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Jennings v. Clearwater Mfg. Co.

Supreme Court of South Carolina
Feb 19, 1934
171 S.C. 498 (S.C. 1934)


finding a favorable termination when criminal charges against a defendant were dismissed

Summary of this case from Benjamin C. Gecy, River City Developers, LLC v. Somerset Point At Lady's Island Homeowners Ass'n, Inc.



February 19, 1934.

Before STOLL, J., Aiken, January, 1932. Affirmed.

Action by V.H. Jennings against the Clearwater Manufacturing Company and another. Judgment for plaintiff, and defendants appeal.

Messrs. Hendersons Salley and John E. Stansfield, for appellants, cite: Probable cause: 18 R.C.L., 58; 3 Brev., 94; 22 S.C. 1. Malicious prosecution: 18 R.C.L., 25; 115 N.C. 311; 20 S.E., 460; 11 N.E., 697; 117 N.C. 31; 23 S.E., 38; 6 Hill, 344; 4 Am. Rep., 35; 5 N.E., 807; 67 A.L.R., 512; 82 S.E., 537; Ann. Cas., 1915-D, 1248; L.R.A., 1915-A, 601; 52 A., 809.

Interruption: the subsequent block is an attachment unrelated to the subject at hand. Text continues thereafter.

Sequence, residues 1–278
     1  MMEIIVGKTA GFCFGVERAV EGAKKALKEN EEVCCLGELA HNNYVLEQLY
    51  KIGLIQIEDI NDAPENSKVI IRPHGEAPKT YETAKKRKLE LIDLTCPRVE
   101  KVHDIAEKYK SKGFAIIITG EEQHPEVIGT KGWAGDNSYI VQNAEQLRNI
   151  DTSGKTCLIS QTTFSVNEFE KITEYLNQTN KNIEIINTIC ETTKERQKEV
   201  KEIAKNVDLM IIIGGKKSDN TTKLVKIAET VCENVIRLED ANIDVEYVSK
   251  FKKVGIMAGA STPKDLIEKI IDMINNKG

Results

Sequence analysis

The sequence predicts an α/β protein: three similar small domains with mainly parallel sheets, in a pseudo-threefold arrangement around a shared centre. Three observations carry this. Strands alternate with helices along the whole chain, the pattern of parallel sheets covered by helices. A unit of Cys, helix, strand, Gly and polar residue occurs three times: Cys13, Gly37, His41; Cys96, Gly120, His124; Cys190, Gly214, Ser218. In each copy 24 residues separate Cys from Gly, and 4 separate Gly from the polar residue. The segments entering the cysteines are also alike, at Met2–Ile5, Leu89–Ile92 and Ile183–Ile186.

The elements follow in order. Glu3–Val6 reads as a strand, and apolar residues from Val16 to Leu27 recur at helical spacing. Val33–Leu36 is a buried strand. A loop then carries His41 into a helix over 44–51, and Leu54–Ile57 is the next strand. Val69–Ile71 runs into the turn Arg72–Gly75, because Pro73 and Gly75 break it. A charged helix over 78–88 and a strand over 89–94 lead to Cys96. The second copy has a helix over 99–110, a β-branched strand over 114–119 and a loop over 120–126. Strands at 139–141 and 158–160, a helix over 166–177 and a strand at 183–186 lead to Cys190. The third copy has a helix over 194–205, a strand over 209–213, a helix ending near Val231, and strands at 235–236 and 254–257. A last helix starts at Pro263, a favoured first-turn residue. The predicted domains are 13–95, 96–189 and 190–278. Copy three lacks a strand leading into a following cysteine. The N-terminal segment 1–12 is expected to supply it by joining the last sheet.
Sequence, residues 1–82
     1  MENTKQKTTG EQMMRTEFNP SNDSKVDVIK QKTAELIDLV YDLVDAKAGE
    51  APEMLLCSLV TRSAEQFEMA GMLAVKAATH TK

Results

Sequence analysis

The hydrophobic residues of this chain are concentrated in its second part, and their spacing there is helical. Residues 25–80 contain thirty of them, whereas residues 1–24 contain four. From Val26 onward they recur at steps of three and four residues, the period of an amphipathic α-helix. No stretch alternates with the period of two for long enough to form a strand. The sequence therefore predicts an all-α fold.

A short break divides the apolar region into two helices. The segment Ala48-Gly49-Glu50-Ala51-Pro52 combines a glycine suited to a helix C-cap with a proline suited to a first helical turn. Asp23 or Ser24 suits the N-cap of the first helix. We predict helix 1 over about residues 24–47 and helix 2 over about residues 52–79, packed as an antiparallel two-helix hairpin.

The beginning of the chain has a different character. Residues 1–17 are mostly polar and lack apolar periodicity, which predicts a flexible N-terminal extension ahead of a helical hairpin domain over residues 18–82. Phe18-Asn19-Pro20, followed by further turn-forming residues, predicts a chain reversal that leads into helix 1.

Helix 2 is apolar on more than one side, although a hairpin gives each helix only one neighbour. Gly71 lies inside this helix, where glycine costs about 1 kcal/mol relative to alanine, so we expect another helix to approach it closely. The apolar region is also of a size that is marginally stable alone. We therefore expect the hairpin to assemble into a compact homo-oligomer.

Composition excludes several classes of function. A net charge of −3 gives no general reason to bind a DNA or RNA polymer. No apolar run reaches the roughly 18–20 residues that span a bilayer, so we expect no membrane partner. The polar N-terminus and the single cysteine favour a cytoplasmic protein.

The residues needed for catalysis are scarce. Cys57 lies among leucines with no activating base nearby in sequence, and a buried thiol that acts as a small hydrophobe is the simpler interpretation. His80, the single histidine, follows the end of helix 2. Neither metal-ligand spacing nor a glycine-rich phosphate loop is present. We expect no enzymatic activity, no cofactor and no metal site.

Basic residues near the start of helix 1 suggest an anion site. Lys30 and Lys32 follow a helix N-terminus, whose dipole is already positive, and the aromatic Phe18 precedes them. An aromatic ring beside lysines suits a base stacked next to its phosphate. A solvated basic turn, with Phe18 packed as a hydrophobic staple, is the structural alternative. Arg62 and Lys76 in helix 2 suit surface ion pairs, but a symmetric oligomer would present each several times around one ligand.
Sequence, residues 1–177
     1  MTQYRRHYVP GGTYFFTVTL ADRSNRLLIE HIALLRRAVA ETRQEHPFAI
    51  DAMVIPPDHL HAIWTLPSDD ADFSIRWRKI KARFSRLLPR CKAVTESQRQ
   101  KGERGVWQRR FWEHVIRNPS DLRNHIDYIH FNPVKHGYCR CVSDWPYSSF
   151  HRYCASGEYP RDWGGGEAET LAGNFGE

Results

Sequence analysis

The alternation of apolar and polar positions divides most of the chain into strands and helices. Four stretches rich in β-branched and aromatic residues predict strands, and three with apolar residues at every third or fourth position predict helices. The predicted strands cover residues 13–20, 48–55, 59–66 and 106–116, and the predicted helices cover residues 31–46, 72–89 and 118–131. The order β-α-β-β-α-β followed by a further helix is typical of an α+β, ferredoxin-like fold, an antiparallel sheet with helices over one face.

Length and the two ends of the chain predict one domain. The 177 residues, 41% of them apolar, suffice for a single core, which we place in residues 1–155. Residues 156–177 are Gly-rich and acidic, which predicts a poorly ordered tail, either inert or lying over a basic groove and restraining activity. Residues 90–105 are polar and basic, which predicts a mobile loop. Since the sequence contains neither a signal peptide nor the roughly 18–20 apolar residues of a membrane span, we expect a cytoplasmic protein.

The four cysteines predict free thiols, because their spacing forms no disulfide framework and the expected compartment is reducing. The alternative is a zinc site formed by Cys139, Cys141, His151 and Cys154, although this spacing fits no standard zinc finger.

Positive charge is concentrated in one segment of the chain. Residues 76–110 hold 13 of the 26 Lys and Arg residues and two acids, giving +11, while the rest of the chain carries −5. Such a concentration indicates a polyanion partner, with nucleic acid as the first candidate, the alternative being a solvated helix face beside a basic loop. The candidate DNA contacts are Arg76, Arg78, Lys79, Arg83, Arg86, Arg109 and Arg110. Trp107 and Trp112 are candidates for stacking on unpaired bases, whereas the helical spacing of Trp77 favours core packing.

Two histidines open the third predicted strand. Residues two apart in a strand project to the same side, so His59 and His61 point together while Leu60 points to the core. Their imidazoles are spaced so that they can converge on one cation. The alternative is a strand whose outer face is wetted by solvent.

Messrs. Williams Busbee, for respondent, cite: As to probable cause: 38 C.J., 403; 18 R.C.L., 35. Malice: 113 S.C. 637; 9 Am. Dec., 687; 31 S.C. 344; 9 S.E., 1027; 16 S.C. 400; 107 S.C. 179; 90 S.E., 355. Malicious prosecution: 38 C.J., 444; 21 L.R.A. (N.S.), 293; 16 Ann. Cas., 1102. As to request for charge by Judge: 95 S.C. 402; 113 S.C. 45; 115 S.E., 200; 114 S.C. 78; 115 S.E., 302; 122 S.E., 580; 123 S.C. 319.

February 19, 1934. The opinion of the Court was delivered by

This action for damages, for an alleged malicious prosecution, tried in the Court of Common Pleas of Aiken County, resulted in a verdict and judgment for the plaintiff, and the defendants have appealed therefrom.

Since the main issue for our determination relates to the refusal of the trial Judge to direct a verdict in favor of the defendants, it is necessary to refer to the evidence, and, in our review thereof, we must take the same, and the inferences therefrom, favorable to the plaintiff.

The defendant company operated a bleachery at Clearwater and the other defendant. Vaughn, was its office manager and paymaster. Jennings, the plaintiff, an employee of the defendant company, worked on the night shift on one of the calendars. Another employee, Widener, worked on the same calendar with Jennings. George Savage, employed in the same department with Jennings, worked on a soaper machine, some fifty yards from where the plaintiff worked. Plaintiff resided at Belvedere, Widener at Langley, and Savage in Augusta, Ga. Plaintiff did not know the residences of either Widener or Savage, and had no connection with them other than in their employment.